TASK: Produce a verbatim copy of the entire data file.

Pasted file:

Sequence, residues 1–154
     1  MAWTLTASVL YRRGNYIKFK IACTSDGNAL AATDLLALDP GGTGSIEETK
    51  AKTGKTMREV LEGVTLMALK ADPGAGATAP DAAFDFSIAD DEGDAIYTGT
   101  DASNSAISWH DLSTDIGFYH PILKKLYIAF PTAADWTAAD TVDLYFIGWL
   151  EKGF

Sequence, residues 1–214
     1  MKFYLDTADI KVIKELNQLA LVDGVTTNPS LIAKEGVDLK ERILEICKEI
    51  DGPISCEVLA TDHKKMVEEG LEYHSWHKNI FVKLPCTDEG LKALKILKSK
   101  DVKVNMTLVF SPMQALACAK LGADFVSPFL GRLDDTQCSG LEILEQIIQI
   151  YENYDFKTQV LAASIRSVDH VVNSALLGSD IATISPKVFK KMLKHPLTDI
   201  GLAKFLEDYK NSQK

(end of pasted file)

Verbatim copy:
Sequence, residues 1–154
     1  MAWTLTASVL YRRGNYIKFK IACTSDGNAL AATDLLALDP GGTGSIEETK
    51  AKTGKTMREV LEGVTLMALK ADPGAGATAP DAAFDFSIAD DEGDAIYTGT
   101  DASNSAISWH DLSTDIGFYH PILKKLYIAF PTAADWTAAD TVDLYFIGWL
   151  EKGF

Sequence, residues 1–214
     1  MKFYLDTADI KVIKELNQLA LVDGVTTNPS LIAKEGVDLK ERILEICKEI
    51  DGPISCEVLA TDHKKMVEEG LEYHSWHKNI FVKLPCTDEG LKALKILKSK
   101  DVKVNMTLVF SPMQALACAK LGADFVSPFL GRLDDTQCSG LEILEQIIQI
   151  YENYDFKTQV LAASIRSVDH VVNSALLGSD IATISPKVFK KMLKHPLTDI
   201  GLAKFLEDYK NSQK